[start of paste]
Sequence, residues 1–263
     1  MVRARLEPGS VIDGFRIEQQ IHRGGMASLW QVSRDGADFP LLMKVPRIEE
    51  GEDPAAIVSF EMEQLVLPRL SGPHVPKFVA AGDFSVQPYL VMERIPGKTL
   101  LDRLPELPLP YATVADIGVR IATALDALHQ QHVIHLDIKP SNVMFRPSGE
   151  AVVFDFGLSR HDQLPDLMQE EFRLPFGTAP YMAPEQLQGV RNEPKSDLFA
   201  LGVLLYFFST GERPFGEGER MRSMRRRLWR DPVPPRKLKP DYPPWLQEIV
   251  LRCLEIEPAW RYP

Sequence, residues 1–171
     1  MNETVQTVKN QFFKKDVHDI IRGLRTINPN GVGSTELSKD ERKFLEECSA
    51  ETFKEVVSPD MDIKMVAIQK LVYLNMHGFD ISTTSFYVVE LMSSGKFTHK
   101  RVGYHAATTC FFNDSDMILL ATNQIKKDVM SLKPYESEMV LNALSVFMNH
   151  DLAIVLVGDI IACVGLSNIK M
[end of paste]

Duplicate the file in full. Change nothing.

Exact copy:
Sequence, residues 1–263
     1  MVRARLEPGS VIDGFRIEQQ IHRGGMASLW QVSRDGADFP LLMKVPRIEE
    51  GEDPAAIVSF EMEQLVLPRL SGPHVPKFVA AGDFSVQPYL VMERIPGKTL
   101  LDRLPELPLP YATVADIGVR IATALDALHQ QHVIHLDIKP SNVMFRPSGE
   151  AVVFDFGLSR HDQLPDLMQE EFRLPFGTAP YMAPEQLQGV RNEPKSDLFA
   201  LGVLLYFFST GERPFGEGER MRSMRRRLWR DPVPPRKLKP DYPPWLQEIV
   251  LRCLEIEPAW RYP

Sequence, residues 1–171
     1  MNETVQTVKN QFFKKDVHDI IRGLRTINPN GVGSTELSKD ERKFLEECSA
    51  ETFKEVVSPD MDIKMVAIQK LVYLNMHGFD ISTTSFYVVE LMSSGKFTHK
   101  RVGYHAATTC FFNDSDMILL ATNQIKKDVM SLKPYESEMV LNALSVFMNH
   151  DLAIVLVGDI IACVGLSNIK M